One of the most highly venerated virgin martyrs of Christian antiquity, Agatha was put to death during the persecution of Decius (250–253) in Catania, Sicily, for her determined profession of faith.
According to the 13th-century Golden Legend by Jacobus de Voragine, fifteen-year-old Agatha, from a rich and noble family, made a vow of virginity and rejected the amorous advances of the low-born Roman prefect Quintianus, who thought he could force her to turn away from her vow and marry him. His persistent proposals were consistently spurned by Agatha, so Quintianus, knowing she was a Christian during the persecution of Decius, had her arrested and brought before the judge. He was the judge.
He expected her to give in to his demands when she was faced with torture and possible death, but she simply reaffirmed her belief in God by praying: "Jesus Christ, Lord of all, you see my heart, you know my desires. Possess all that I am. I am your sheep: make me worthy to overcome the devil." With tears falling from her eyes, she prayed for courage. To force her to change her mind, Quintianus sent Agatha to Aphrodisia, the keeper of a brothel, and had her imprisoned there. Agatha never lost her confidence in God, even though she suffered a month of rape, assault, and efforts to get her to abandon her vow to God and go against her virtue.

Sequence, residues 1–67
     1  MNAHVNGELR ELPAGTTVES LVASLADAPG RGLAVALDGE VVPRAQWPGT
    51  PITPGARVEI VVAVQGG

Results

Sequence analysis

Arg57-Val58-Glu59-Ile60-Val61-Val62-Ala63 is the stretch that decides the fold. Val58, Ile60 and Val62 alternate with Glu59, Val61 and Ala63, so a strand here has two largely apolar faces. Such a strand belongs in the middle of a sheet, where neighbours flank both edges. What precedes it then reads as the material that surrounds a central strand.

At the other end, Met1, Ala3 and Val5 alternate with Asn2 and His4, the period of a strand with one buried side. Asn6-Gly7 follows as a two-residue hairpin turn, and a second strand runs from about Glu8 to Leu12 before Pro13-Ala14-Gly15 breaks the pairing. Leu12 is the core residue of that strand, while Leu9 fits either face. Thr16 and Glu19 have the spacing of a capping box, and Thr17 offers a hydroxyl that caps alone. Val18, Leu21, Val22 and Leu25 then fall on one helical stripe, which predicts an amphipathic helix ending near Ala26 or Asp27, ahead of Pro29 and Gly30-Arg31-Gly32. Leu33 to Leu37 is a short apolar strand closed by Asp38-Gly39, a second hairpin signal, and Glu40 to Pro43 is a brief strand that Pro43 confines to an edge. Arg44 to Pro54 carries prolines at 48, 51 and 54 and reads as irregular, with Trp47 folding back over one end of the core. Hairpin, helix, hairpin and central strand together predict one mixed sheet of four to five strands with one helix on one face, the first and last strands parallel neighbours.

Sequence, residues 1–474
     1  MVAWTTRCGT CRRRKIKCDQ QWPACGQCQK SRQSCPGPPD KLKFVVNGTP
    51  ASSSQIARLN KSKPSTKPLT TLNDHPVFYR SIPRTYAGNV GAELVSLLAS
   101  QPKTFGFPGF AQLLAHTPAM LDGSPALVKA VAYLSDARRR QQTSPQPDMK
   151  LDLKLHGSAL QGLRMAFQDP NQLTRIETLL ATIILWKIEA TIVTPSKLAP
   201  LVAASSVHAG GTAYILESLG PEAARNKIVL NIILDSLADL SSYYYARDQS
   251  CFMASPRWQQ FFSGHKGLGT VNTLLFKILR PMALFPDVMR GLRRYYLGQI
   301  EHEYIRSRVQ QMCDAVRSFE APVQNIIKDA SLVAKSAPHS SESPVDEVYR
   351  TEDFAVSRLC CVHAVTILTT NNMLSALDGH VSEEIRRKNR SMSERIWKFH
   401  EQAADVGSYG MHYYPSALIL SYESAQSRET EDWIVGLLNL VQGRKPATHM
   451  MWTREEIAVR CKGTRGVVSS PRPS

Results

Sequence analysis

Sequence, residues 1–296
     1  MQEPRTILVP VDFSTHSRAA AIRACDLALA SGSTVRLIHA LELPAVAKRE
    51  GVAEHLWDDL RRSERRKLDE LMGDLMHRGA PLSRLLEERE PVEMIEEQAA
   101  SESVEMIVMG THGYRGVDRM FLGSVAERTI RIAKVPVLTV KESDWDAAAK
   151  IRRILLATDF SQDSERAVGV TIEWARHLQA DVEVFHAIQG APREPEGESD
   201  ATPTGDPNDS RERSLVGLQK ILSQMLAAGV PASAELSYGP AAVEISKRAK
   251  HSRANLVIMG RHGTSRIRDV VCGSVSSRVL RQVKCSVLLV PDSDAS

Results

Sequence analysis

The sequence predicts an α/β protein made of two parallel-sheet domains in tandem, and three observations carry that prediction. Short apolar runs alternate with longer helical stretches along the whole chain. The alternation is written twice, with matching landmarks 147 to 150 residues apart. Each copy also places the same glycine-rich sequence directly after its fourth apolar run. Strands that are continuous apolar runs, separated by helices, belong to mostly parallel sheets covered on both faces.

Quintianus sent for her again, argued, threatened, and finally had her put in prison and had her tortured. She was stretched on a rack to be torn with iron hooks, burned with torches, and whipped. Amongst the tortures she underwent was the cutting off of her breasts with pincers. After further dramatic confrontations with Quintianus, represented in a sequence of dialogues in her passion that document her fortitude and steadfast devotion, Saint Agatha was then sentenced to be burnt at the stake, but an earthquake saved her from that fate; instead, she was sent to prison where St. Peter the Apostle appeared to her and healed her wounds.
Saint Agatha died in prison, probably in the year 251 according to the Legenda Aurea. Although the martyrdom of Saint Agatha is authenticated, and her veneration as a saint had spread beyond her native place even in antiquity, there is no reliable information concerning the details of her death.
- Saint Agatha, c. 231 – c. 251 AD